Chapter 12: Case Study: Consumerism

12.3: A Protestant Perspective: Life in All its Fullness: Christian Faith and the Dilemmas of Consumption, by Dr. Sondra Wheeler

Peace Church, a Lutheran church established in Bowling Green, OH in 1969, celebrates the installation of solar panels on their roof. This is just one example of a Protestant community who cut down on energy consumption and looked at old traditions in a new light… literally. Photo courtesy of: Deb Conklin

Sondra Wheeler’s essay on Christian faith and consumption provides many excellent points, and is worth reading in its entirety (text will be linked here). She notes that environmental problems may seem new, but the questions we wrestle with related to consumption are old – as old as our religions and connected to basic theological questions about the nature of God, humans, and the world in which we live. So rather than construct a “new” theology of consumption, she suggests that our task is more like seeing a new vision of our ancient traditions, which may help us see ourselves differently, and help shape our lives in new ways. She focuses on several theological perspectives:

The World as Creation – God’s creative work implies a “fundamental goodness and holiness of material reality” (23). All things have value as God’s creation – not just value for human use, so our use of the world’s resources must give moral weight to the natural world. God intends that the all life should flourish and be sustained, so degradation of Earth’s resources flouts God’s will and threatens our well-being “as we overwhelm the planet’s resources for self-healing” (23).

The Earth is the Lord’s – God retains final claim on the cosmos, and the role of humans is precisely as caretakers – stewards of God’s world. As such, we are to care for the world for the good of the whole household (all life), and as God’s stewards we are accountable to God for doing so. Current income and well-being inequalities show us that not all are flourishing, so our rates of consumption in the developed world are an issue of environmental and economic justice. Given such inequity, we need to “focus our efforts on creating a greater balance among persons, and between persons and other creatures” (24).

To Be the People of God – If we are God’s people, we honor God’s intention that all can flourish, and so we should judge our conduct on the standard of the well-being of the whole community. Community and cultural life are rich parts of human well-being – the ideal is not a lone hermit in the wilderness – but cultural life can become chaotic, hurried, stressful, and focused on material accumulation that doesn’t actually lead to happiness. Instead of chasing after things that do not make us happy, Wheeler says we need to remember that our flourishing comes from relationships, from community life and faith, from focusing on things we truly need.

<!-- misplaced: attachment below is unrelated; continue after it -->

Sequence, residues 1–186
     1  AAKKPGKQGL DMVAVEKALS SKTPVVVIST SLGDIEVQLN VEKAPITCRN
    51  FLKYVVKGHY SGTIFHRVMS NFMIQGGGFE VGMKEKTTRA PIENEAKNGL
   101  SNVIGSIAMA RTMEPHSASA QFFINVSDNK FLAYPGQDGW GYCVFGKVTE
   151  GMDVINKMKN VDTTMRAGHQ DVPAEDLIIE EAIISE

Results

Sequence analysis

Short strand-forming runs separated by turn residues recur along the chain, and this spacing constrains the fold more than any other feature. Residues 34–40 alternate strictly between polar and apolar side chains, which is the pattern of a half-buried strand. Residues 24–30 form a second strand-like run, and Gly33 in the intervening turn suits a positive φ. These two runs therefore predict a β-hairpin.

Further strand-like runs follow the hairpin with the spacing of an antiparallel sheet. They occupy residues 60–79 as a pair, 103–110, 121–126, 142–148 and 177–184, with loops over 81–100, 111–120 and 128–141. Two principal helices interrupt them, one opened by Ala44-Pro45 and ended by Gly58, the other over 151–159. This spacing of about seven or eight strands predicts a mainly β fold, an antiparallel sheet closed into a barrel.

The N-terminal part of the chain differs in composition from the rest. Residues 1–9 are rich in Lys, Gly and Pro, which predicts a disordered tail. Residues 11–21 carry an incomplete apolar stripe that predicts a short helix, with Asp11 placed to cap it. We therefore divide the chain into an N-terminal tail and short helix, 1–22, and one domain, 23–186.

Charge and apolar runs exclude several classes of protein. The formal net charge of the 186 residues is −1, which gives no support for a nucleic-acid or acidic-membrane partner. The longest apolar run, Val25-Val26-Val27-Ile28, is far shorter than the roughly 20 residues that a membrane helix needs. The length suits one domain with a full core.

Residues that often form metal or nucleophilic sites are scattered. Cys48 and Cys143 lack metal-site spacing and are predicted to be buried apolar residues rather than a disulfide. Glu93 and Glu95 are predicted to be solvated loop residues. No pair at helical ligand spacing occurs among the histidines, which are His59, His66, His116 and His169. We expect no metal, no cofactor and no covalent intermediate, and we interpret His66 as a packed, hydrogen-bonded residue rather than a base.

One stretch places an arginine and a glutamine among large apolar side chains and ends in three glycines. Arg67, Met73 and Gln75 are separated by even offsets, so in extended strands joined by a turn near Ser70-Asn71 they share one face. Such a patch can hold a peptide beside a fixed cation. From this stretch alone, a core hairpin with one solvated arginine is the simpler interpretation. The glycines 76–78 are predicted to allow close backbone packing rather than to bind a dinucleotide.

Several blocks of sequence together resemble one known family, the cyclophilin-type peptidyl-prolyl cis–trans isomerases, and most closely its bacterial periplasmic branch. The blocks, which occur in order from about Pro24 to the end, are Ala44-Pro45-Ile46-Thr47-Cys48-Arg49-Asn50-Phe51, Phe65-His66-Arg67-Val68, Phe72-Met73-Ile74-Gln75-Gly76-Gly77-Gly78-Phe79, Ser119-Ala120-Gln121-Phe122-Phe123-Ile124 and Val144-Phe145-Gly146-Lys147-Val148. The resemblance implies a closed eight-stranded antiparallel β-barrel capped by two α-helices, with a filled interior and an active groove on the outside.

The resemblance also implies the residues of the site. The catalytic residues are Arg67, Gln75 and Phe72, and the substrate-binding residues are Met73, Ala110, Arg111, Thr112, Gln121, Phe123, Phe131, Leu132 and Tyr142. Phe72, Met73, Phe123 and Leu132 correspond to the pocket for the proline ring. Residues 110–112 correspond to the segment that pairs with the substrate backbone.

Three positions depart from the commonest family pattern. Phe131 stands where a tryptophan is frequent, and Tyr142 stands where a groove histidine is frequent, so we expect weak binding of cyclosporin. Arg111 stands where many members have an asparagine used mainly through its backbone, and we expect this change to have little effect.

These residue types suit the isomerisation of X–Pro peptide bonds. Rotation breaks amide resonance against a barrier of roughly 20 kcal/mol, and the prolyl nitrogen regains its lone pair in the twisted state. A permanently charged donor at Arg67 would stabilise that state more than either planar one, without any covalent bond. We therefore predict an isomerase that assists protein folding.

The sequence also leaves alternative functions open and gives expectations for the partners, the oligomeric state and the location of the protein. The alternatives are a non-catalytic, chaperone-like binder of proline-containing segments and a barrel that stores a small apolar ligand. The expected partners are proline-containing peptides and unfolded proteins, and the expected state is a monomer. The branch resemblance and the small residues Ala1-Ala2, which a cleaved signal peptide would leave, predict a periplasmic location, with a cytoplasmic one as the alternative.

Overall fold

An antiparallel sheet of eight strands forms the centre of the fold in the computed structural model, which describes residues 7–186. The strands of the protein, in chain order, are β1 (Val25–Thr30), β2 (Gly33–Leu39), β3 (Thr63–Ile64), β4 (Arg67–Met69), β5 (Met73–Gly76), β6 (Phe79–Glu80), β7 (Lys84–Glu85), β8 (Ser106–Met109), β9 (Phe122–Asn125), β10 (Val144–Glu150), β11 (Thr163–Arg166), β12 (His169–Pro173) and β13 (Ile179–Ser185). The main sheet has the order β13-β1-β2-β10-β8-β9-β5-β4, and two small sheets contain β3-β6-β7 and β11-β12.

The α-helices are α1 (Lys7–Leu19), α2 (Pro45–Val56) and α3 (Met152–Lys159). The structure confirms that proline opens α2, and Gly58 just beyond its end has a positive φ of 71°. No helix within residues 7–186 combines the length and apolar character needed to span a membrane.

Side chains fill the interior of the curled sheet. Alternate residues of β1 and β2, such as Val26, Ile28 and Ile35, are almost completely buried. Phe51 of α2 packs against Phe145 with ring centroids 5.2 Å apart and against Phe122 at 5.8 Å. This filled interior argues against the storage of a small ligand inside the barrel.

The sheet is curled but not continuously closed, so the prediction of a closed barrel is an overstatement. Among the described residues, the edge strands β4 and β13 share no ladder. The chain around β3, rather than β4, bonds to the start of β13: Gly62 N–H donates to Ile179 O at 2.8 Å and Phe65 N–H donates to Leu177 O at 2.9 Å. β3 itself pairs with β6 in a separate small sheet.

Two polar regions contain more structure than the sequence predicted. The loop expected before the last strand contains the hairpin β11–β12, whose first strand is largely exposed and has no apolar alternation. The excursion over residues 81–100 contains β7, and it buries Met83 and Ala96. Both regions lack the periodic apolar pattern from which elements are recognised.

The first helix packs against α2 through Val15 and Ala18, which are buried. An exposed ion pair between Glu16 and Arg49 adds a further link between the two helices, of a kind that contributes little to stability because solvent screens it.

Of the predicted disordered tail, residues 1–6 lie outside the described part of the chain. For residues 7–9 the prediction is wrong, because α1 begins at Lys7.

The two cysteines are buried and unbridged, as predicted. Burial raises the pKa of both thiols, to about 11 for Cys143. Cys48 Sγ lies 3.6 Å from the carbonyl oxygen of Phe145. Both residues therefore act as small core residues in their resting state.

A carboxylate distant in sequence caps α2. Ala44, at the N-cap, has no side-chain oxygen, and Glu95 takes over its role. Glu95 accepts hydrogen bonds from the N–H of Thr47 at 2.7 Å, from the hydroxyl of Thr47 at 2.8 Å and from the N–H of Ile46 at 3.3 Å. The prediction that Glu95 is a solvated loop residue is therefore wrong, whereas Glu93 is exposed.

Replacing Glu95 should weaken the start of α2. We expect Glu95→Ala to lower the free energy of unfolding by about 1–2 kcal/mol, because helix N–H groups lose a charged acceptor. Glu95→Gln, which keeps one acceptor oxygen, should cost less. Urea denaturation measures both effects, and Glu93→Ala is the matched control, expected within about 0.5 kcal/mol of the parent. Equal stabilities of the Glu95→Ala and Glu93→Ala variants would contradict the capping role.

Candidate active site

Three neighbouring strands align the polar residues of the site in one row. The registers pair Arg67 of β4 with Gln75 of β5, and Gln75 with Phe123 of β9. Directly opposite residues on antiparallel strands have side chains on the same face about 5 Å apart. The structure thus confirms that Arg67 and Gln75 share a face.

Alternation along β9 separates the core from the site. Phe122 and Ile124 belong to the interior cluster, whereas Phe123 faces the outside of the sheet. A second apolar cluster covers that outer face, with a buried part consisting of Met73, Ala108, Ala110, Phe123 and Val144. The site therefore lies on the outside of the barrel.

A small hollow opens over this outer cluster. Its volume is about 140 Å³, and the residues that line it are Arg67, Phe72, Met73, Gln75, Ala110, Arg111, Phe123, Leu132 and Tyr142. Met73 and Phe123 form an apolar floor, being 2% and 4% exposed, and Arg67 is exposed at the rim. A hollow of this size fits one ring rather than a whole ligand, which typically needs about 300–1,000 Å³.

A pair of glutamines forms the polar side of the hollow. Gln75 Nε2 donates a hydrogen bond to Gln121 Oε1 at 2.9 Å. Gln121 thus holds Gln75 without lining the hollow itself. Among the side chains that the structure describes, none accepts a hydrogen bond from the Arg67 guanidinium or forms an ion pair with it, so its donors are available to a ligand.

God of the Poor – Wheeler reminds us that biblical traditions establish a preference for the poor, where the poor are to be cared for as bearers of Christ. Wages for labor should be just. When patterns and structures of consumption and commodity pricing favor the well-fed at the expense of the poor, injustice is the result. To fail to attend to the plight of the poor, “the prophets insist, is to invite the wrath of God.”

Idolatry and Bondage – The Perils of Overconsumption –  Idolatry is putting something else in place of God, and in a consumerist society, the “irony is that while purchasing power may successfully displace God as the source and guarantor of our well-being, it offers, in fact, neither abiding happiness nor any secure promise of safety” (26). Putting our faith in material things also leaves us craving and coveting the things that others have. Wheeler says that “the genius of our advertising-based economy and the culture that supports it is the fact that consumption creates not satisfaction, but the desire for more consumption” (27), and we are always left wanting more, seeking “some new object to provide the happiness that eludes us. And all the while we ignore what our religious traditions teach us is the real nature of human beings: that we are embodied spirits, created to receive their real good and their lasting happiness in the joys of communion with God and with one another” (27).

Free to Live and Work Together – Wheeler says the most significant contribution of Christian faith to our struggle with consumption “is its very different account of what is worth striving for….Of those relatively few material things we genuinely need: food, drink, shelter, and clothing, we are told, ‘seek first God’s kingdom and God’s justice, and all these things will be given to you as well’ (Mt 6:33). The good news that we call the gospel is the declaration that in Jesus Christ, God has come to rescue and reclaim us, and that our genuine well-being and deepest satisfaction are found in clinging to that truth above every other thing.” (27) We are free to work with others and with God towards the reconciliation and redemption of all things. And “freedom from the anxious pursuit of more things frees us for the work and the celebration of creating a new culture; teaching ourselves and our children new stories, songs, pictures of ‘the good life’; speaking out and living out new values which see all creatures truthfully, as ‘joint heirs of the grace of life’ (I Pet. 3:7)” (28).


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Religion and Environmental Values in America Copyright © 2019 by Gregory E Hitzhusen is licensed under a Creative Commons Attribution-NonCommercial 4.0 International License, except where otherwise noted.